All about ink

What's the difference between pigment and dye-based inks, or between ink and toner? Which ink is best for printing photos, or business documents? We answer some key questions about inks and printing.

In the world of printing, there are many varieties of ink to choose from. Different types of ink and toner are best suited for different print needs, whether it's printing vibrant photographs on glossy photo papers, producing eye-catching marketing materials on card, or outputting crisp and professional business documents on plain paper.

In practice, however, it's not possible to choose an ink type for each specific job – if you have a mono laser printer, to take an extreme example, you can't choose to fill it with colour inkjet ink to print a photo. The type of ink you use is not really a choice in the way that paper type may be: inkjet and laser printers can handle a range of paper finishes, weights and sizes, but when it comes to ink, you simply have to supply the type of ink your printer is designed to use. Instead of choosing inks for a job, you are likely to choose a printer based on the type of ink or toner it uses, bearing in mind the print requirements you expect to have.

Here, we'll introduce the different types of ink available, explore what print tasks each is best suited for, and explain ink-related concepts such as page yield and cost per page, so that you can make an informed decision about the best printer for your needs. For more, take a look also at our answers to some of the most common queries about printing, ink and paper.

A set of one black and three colour inks in bottles for refilling the ink tanks of a Canon MegaTank printer, visible in the background.

Canon offers a range of inks and toners to meet different printing needs and fit different printers, from FINE cartridges with three colours in one cartridge to bottled inks (like these) for MegaTank printers with refillable ink tanks.

 A pink Canon Zoemini portable printer, with a photo emerging from it, sits alongside a smartphone and various packages of media for the printer beside it on the surface.

The Canon Zoemini range do not need ink cartridges – they use special ZINK 1 paper that contains embedded dye crystals, which activate when heated to produce vibrant, smudge-proof prints. This makes the printers small, easy to use and ideal for printing photos on the go.

Ink vs toner and other printing technologies

Let's start with the basics. Different types of printer use different printing technologies. Among the differences between laser and inkjet printers, a key distinction is that laser printers such as Canon's i-SENSYS range use toner, a dry powder that is fused to the paper by heat, while inkjet printers use liquid inks, which are ejected onto the paper. There are different varieties of ink, as we'll see shortly.

Canon's portable SELPHY photo printers use a dye-sublimation process, with water-based dyes on a plastic ribbon or film. The printer heats the ribbon, turning the dye into a gas. When it makes contact with the paper, the dye turns back into a solid, which means the prints are dry and ready to use as soon as they emerge from the printer. The process produces high-quality, long-lasting, water- and scratch-resistant prints with a colour gamut of 16 million colours but is generally less cost-efficient than inkjet technology and requires specially coated paper (stickers are also available), which you can usually buy together with the dye-sub cartridges.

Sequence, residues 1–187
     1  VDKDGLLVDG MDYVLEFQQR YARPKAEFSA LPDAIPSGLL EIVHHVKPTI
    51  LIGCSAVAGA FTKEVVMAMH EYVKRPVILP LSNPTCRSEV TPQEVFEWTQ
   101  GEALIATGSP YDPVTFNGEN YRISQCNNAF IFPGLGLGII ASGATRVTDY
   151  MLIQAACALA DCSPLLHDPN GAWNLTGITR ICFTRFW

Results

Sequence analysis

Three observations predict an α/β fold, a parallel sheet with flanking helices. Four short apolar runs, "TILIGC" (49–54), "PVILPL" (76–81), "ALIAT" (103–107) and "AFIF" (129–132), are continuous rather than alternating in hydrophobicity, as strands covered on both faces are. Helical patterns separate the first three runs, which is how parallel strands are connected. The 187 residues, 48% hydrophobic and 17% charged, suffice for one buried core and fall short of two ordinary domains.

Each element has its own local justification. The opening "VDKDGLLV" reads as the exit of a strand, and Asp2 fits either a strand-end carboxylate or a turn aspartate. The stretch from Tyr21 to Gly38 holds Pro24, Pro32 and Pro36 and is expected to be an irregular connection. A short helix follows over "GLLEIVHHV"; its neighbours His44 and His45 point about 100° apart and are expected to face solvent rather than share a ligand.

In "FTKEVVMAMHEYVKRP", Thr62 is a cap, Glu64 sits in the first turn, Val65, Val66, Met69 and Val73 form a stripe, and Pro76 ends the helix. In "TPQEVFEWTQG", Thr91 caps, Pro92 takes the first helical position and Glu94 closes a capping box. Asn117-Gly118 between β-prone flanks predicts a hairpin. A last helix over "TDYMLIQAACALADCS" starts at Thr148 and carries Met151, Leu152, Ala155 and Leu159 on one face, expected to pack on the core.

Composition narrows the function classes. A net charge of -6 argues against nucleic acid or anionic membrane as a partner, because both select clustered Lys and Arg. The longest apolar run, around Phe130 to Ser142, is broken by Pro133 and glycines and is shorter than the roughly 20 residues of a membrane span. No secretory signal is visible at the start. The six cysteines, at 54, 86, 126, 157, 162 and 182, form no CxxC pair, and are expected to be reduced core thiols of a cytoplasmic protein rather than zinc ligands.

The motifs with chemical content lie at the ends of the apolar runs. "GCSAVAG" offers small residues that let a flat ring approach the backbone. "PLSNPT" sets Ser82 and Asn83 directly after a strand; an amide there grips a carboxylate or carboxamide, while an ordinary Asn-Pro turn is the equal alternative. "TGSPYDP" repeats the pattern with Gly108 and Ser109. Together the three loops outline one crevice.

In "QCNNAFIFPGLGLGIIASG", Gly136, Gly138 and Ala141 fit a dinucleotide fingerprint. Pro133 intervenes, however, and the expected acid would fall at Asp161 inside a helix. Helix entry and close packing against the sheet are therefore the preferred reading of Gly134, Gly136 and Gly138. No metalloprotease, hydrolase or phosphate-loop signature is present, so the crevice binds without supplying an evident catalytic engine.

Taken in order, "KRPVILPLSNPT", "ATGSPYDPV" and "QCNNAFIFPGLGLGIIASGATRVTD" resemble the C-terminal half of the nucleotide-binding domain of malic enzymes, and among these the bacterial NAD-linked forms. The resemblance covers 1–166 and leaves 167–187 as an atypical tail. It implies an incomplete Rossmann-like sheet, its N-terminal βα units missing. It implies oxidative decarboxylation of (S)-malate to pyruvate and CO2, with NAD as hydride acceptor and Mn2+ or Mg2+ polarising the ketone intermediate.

Canon Zoemini printers employ ZINK1 ("Zero Ink") printing technology, which uses special paper embedded with colour crystals that activate when heated by the printer, producing vivid, smudge-proof and water-resistant prints. This clever technology requires no inks and is perfect for on-the-go printing. Prints can also be turned into stickers by peeling off the underside to reveal an adhesive surface.

A hand replaces a magenta toner cartridge inside a Canon i-SENSYS laser printer.

Canon toners designed for i-SENSYS laser printers use a blend of resin and pigment to produce sharp, durable prints.

A Canon i-SENSYS laser printer open at the front, showing four toner cartridges that slot in from the front.

Like inkjet printers, Canon laser printers use different shapes and sizes of cartridge with different types of toner inside, depending on the model.

Inkjet varieties: pigment vs dye-based inks

There's a huge variety of inkjet cartridges designed for different printer models, but basically two types of inkjet ink: pigment and dye-based. Inkjet printers generally use dye-based inks, which consist of soluble colourants dissolved in a liquid medium. Dye-based inks are absorbed into the paper, producing vibrant colours, smooth gradients and a wide dynamic range, making them ideal for photo prints, particularly on glossy papers. There is little smearing because drying times are short. However, the dye remains water-soluble, so if the paper gets wet, depending on the paper, blurring may result.

Pigment inks are made up of solid particles suspended in a liquid carrier, offering exceptional longevity, water resistance and lightfastness, with better UV resistance than dye-based inks. Colours are stable immediately after printing and relatively insensitive to environmental factors. This makes pigment inks suitable for professional-level printing, especially for fine-art prints, with deep blacks and colours that remain stable over time. Their durability also makes them suitable for printing on textiles or other applications where resilience is critical.